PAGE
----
At all levels of government, we hear sky-is-falling hysteria from bureaucrats and tax consumers.
Oklahoma isn’t immune. Those who favor bigger government demand more money.
They use code words, but don’t be fooled. When tax consumers say state government needs “more revenue,” they mean more of your money.
Just 15 months ago, 59 percent of voters rejected State Question 779, the “Boren Tax,” which would’ve increased taxes by $615 million on working Oklahomans.
But, bless ’em, the tax consumers rallied. Now they’ve convinced big business interests to champion an even bigger tax grab. It’s called Step Up Oklahoma, and it features numerous tax hikes totaling $780 million a year.
The Step Up proposal raises taxes on oil and natural gas drilling, which many think is a good idea. However, it also raises taxes on gasoline and diesel fuel, on tobacco products and on your paycheck. Oklahoma currently charges the lowest fuel taxes in the continental U.S. Step Up’s proposal raises the tax by 6 cents per gallon. Oklahoma’s gasoline tax would rise above every nearby state except Kansas.
Presently, Oklahoma charges a cigarette tax of $1.03 per pack. Step Up raises it to $2.53. This dramatic increase is concerning. Consumers can choose where they buy products. Step Up’s proposal raises Oklahoma’s cigarette tax to more than double what Arkansas charges. This makes the decision easy for many local smokers. As more Eastern Oklahomans buy cigarettes in Arkansas, that’s less tax revenue for schools, roads, public safety and other services on this side of the state line. Meanwhile, few will smoke less.
Also troubling is Step Up’s avalanche of income tax increases.
The proposal eliminates the personal exemption, which is $1,000 per individual in taxpaying households. It reduces the standard deduction, which most income tax filers use, and caps itemized deductions for others.
All together Step Up raises income taxes by $175 million a year.
Most of this is shouldered by middle-income families with household incomes of $70,000 and above. That’s equivalent to a firefighter married to a teacher, a law enforcement officer and a nurse, a welder and an office assistant.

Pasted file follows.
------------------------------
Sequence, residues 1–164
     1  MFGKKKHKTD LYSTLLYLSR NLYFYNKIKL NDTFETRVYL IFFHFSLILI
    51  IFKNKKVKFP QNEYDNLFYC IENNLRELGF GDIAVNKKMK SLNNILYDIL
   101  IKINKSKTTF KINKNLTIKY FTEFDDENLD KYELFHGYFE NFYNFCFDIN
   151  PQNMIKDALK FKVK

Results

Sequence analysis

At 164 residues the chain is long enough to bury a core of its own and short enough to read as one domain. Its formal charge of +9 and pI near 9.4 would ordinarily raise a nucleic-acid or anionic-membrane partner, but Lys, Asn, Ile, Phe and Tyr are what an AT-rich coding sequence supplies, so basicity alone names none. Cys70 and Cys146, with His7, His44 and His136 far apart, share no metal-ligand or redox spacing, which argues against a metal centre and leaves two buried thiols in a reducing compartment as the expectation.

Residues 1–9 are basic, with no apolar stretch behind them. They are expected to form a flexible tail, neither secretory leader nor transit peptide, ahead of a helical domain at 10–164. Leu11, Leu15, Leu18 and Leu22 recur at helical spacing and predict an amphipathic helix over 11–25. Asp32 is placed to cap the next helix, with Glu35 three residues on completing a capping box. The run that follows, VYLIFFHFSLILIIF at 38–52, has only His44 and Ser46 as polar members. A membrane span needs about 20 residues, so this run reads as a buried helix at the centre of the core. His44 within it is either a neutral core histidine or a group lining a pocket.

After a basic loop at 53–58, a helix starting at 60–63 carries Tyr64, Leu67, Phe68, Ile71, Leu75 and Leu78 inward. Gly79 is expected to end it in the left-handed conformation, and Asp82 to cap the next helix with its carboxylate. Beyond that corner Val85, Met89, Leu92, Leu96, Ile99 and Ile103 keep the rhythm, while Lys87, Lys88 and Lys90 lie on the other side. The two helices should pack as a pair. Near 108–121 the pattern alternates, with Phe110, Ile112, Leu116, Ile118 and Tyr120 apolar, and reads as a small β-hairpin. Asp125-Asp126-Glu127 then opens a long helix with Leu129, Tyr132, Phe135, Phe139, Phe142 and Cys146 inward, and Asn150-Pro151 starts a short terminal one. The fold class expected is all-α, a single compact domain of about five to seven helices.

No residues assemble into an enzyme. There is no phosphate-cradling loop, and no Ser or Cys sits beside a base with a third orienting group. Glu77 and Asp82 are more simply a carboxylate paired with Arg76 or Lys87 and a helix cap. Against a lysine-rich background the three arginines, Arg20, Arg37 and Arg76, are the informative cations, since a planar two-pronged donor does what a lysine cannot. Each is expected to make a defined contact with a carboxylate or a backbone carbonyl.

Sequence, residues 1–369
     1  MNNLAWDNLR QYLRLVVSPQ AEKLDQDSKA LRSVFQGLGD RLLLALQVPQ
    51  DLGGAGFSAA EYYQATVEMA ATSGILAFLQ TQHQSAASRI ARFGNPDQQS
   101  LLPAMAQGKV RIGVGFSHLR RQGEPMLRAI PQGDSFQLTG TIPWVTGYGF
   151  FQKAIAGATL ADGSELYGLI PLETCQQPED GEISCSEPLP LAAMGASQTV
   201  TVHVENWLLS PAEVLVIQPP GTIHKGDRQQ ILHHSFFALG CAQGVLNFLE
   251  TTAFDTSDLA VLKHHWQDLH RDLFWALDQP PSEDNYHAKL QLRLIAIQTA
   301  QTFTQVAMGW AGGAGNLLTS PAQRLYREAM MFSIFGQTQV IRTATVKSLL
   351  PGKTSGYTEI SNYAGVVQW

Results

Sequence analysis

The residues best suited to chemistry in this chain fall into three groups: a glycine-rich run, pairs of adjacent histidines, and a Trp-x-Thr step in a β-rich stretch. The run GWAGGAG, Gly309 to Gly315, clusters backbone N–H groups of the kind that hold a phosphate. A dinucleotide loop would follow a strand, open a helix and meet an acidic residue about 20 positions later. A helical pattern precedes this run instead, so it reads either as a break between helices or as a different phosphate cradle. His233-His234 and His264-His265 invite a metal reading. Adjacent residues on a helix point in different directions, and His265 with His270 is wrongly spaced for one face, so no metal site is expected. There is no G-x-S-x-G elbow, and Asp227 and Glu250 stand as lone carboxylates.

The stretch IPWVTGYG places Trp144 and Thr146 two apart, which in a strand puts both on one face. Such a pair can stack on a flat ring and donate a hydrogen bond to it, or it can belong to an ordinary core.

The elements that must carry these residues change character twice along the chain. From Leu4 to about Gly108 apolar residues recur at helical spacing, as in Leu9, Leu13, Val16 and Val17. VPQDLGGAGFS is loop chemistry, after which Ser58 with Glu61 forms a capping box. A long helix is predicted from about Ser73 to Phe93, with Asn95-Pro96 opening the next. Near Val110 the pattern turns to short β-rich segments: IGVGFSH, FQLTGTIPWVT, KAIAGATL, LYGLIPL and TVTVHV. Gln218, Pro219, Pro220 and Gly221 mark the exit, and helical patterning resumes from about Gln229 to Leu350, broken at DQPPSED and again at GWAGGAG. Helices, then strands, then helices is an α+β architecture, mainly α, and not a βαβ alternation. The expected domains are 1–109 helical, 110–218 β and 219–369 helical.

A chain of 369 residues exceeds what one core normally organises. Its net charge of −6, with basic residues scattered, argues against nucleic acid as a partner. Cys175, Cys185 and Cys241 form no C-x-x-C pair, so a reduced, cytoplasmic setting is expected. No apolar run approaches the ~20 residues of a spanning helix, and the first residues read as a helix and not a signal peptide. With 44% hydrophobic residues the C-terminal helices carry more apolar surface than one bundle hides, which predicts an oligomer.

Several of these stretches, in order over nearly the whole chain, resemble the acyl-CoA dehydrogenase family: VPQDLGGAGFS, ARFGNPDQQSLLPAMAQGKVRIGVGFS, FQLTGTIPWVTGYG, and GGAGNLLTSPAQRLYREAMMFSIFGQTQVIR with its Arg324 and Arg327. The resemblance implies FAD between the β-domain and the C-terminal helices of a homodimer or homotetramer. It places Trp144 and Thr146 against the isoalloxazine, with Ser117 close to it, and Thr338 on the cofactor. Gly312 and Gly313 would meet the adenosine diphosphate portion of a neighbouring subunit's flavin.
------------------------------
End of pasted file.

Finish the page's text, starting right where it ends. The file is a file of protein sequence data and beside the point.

Tax consumers have convinced the business community that it’s in their best interest to persuade state lawmakers to raise taxes.
So who’s the loudest voice for Step Up’s money grab? The plan is promoted by an armada of bankers, oil barons, industry groups, chamber of commerce execs, tribal governments, giant hospital administrators and corporate lawyers, mostly from Oklahoma City and Tulsa.
If oil and gas producers want the Legislature to raise taxes on their industry, fine. Ironically, though, of the four major tax increases included in Step Up’s proposal, the increase on oil and gas is the smallest.
Step Up increases taxes on oil and gas by $133 million. But its fuel tax increase exceeds $170 million. Its tobacco taxes surpass $256 million. Its tax hike on working families’ paychecks is more than $175 million.
We don’t need massive tax increases. Oklahoma’s economy is improving. Oil prices are rising.
After major budget shortfalls in recent years, estimates project the current shortfall facing Oklahoma at just $118 million. By spring, when lawmakers vote on the state budget, it could be lower.
To give classroom teachers a pay raise and stabilize other core public services, we have better options than $780 million in tax increases.
We can conduct more rigorous Medicaid enrollment eligibility audits, like Arkansas, and save an estimated $85 million annually.
We can stop bailing out mismanagement at state agencies, like the recent $30 million bailout for the state Health Department.
We can utilize some of the $57 million paid annually to Oklahoma’s Tobacco Settlement Endowment Trust Fund, which exceeds $1 billion. (Yes, that’s “billion” with a “b.”)
We could require bloated school administrations in Oklahoma’s two largest metro areas to downsize and give more money to teachers. This would free up funds to increase teacher salaries elsewhere around the state.
These are a few of the cost-saving reforms that some at the Oklahoma Capitol are pursuing. I hope to receive your feedback on the Step Up proposal and these cost-saving alternatives
Why are we entertaining tax increases when the economy is recovering? We must address unaccountable, out of control spending and ensure core functions are receiving what they need before we look at raising taxes.
John Bennett represents Oklahoma House District 2. He can be reached at (405) 557-7315 or John.Bennett@okhouse.gov.
Sally Maxwell, Senior News Director
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